Around the time when Pakistan and China were launching their ongoing diplomatic bromance in the 1960s, the juicy and pulpy fruit had sweetened bilateral ties, and impacted Chinese history in unexpected ways, reports Mrityunjoy Kumar Jha
Pakistan’s all weather friend China has refused to accept sweet and juicy mangoes sent by the Pakistani president Arif Alvi to his Chinese counterpart Xi Jinping.
The stated reasonï¿½quarantine regulations prevent the gift from reaching the Chinese President.
The same fate befell the prized Chaunsa mangoes in the US, Canada, Nepal, Egypt, Sri Lanka and many other countries. The fear of Covid has forced the crestfallen mangoes to return to their home base in the Pakistani foreign office, reports Pakistani daily The News.
Quoting its sources, the daily said that the Pakistan Foreign Office had also listed the French president among the expected recipients of the gift. Paris has so far not responded to Pakistan’s outreach.
The Foreign Office is dispatching “Chaunsa” mangoes to the heads of more than 32 countries including Iran, Gulf countries, Turkey, United Kingdom, Afghanistan, Bangladesh and Russia, on behalf of the president as part of, some would say, anachronistic “Mango diplomacy,” which may not be fashionable in the digital age.
It is not known whether mangoes have been sent to India or not. In 2014, former Prime Minister Nawaz Sharif had sent a box of choicest Pakistani mangoes, to his Indian counterpart Narendra Modi.
Pakistani mangoes have a history in China. Around the time when the two countries were launching their ongoing diplomatic bromance in the 1960s, the juicy and pulpy fruit had sweetened bilateral ties, and impacted Chinese history in unexpected ways.
In August 1968, a crate of mangoes was gifted to Chairman Mao Zedong by Pakistani foreign minister, Mian Arshad Hussain, who was also high commissioner to India earlier, in Beijing.
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The book “Mao’s Golden Mangoes and the Cultural Revolution” edited by historian and curator Alfreda Murck tells us what transpired next.
“The Pakistani mangoes, exotic and virtually unheard of in 1960s China, briefly played an important role in Cultural Revolution discourse, as the physical expression of Mao’s love and concern for his people at a time when the Mao cult was at its most frenzied,” the introduction of the book says.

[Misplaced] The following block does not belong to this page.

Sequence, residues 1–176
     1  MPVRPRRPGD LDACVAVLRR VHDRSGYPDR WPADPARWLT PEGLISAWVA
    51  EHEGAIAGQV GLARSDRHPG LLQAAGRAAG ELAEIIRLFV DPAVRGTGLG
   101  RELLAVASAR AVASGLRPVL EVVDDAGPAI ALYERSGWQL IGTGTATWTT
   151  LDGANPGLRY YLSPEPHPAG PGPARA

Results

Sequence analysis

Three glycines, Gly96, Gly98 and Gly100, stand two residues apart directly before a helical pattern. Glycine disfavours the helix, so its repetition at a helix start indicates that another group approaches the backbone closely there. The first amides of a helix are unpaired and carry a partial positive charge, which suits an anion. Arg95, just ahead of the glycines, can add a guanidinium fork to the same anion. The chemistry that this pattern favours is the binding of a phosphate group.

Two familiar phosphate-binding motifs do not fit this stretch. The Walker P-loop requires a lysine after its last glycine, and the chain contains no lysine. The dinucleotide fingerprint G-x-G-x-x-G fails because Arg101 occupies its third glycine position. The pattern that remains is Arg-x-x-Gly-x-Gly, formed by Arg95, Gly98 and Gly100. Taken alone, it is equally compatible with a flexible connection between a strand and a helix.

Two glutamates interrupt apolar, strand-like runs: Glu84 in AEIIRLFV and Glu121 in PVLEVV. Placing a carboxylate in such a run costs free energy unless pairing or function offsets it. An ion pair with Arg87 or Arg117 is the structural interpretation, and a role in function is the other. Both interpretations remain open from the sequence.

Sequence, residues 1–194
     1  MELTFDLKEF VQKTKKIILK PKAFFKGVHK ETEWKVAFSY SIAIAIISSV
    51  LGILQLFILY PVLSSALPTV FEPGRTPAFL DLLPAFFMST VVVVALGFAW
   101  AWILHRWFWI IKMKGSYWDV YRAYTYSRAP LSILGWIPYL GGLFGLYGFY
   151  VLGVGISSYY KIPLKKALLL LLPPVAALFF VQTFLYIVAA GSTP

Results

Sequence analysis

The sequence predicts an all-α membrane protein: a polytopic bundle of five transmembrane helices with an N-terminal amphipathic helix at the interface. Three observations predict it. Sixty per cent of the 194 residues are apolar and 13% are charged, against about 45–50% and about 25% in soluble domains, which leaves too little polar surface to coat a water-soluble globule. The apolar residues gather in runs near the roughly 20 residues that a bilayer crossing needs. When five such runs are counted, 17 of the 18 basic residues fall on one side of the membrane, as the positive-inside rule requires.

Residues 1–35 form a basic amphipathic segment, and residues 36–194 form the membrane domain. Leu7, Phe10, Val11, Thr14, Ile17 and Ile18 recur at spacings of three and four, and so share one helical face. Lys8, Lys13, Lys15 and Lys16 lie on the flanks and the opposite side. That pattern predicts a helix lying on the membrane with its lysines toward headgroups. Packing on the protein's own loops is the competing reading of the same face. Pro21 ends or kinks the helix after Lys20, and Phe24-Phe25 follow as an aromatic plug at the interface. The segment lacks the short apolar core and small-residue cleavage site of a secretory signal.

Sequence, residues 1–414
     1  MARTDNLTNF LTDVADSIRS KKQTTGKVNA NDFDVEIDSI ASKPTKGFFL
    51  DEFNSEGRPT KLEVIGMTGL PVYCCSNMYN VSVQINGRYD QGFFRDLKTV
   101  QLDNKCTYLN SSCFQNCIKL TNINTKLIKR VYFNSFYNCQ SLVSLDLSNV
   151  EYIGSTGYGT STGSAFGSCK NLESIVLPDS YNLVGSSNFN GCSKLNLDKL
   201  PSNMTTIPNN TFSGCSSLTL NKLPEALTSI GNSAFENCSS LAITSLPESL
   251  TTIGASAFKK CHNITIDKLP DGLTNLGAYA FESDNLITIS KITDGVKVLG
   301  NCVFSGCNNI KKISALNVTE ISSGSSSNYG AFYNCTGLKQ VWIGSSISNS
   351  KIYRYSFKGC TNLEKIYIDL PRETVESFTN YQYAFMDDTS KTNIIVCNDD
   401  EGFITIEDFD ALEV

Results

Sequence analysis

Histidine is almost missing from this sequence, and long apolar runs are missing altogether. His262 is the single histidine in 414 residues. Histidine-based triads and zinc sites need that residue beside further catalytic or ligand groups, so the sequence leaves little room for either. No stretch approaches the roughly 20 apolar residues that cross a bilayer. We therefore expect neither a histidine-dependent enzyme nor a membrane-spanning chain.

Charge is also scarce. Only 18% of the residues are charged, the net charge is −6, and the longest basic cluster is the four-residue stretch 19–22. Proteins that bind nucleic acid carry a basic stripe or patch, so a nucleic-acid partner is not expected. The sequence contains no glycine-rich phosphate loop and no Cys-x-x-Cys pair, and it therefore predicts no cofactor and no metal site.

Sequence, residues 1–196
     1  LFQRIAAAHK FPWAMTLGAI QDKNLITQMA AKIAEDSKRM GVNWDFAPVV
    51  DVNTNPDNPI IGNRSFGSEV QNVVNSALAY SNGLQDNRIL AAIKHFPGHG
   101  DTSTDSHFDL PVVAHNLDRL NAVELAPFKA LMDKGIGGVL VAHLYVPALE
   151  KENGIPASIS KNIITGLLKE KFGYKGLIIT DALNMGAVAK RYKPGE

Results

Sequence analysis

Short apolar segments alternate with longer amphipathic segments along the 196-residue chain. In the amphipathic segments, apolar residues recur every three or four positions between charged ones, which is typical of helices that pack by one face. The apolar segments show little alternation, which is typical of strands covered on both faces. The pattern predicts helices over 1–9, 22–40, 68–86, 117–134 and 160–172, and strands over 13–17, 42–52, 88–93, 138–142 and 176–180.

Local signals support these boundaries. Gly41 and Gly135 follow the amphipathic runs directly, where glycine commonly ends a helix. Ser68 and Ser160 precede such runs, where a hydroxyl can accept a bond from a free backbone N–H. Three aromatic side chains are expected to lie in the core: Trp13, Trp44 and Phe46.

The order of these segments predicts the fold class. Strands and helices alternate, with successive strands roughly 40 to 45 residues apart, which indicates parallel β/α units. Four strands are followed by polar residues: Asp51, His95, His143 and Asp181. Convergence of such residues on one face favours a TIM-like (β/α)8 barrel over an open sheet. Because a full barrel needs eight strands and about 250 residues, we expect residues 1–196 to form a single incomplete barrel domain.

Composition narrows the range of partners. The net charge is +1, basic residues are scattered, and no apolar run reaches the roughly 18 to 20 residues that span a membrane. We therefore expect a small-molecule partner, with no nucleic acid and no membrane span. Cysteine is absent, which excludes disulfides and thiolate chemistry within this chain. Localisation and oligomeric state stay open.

“The mangoes were transported nationwide, despite their deterioration in the summer heat; they were replicated in wax and placed in glass vitrines for presentation and display; paintings and photographs of the fruit became objects of veneration; and they appeared as an auspicious motif on the ubiquitous Mao badges, on quilts, on household goods, and on floats at public ceremonies,” it added. The events related to the mangoes were later termed as the “mango fever” or the “cult of the mango.”
The frenzy over that first crate of Pakistani mangoes in China subsided just months later. But relations between the two countries left an enduring aftertaste.
Since then, mangoes became the “soft power” tool of choice in Pakistan.
In an interesting aside, mangoes have been used in diplomacy and intrigue, with an exchange of the fruit taking place regularly between the leaders of Pakistan and India as well as locally between political entities and diplomats posted in Pakistan. In the 1980s Pakistani leader Gen Zia-ul Haq had sent ï¿½Anwar Rataul’ mangoes to the then Prime Minister Indira Gandhi. In 2001, the then Pakistani ruler General Pervez Musharraf had sent mangoes to the then Prime Minister Atal Bihari Vajpayee and Home Minister L K Advani before coming to India for the Agra Summit.
Pakistan, the world’s fifth largest producer of mangoes while India produces almost half of the world’s mangoes. In the world of diplomacy, the local varieties, such as Sindhri, Langda and Chaunsa and Anwar Rataul sit in the front row.
Few people know that like Langra and Chaunsa, Anwar Rataul, too, hails from India. It takes its name from the village of Ratol, two hours east of Delhi. But in this season Pakistan is only sending Chaunsa mangoes.
But there is also a dark side to mango diplomacy. In August 1988, the plane carrying Pakistan’s third military ruler, Gen Zia, crashed over Bahawalpur, killing him instantaneously. British-Pakistani author Mohammed Hanif in his book “A Case of Exploding Mangoes”, writes about the possible reasons for the death of General Zia in a plane crash in 1988.
According to UK’s The Times newspaper, investigators had found chemicals that are used to make small explosives on the mangoes which were stored on the plane. It was also reported that the mangoes were Anwar Rataul.
(This content is being carried under an arrangement with indianarrative.com)
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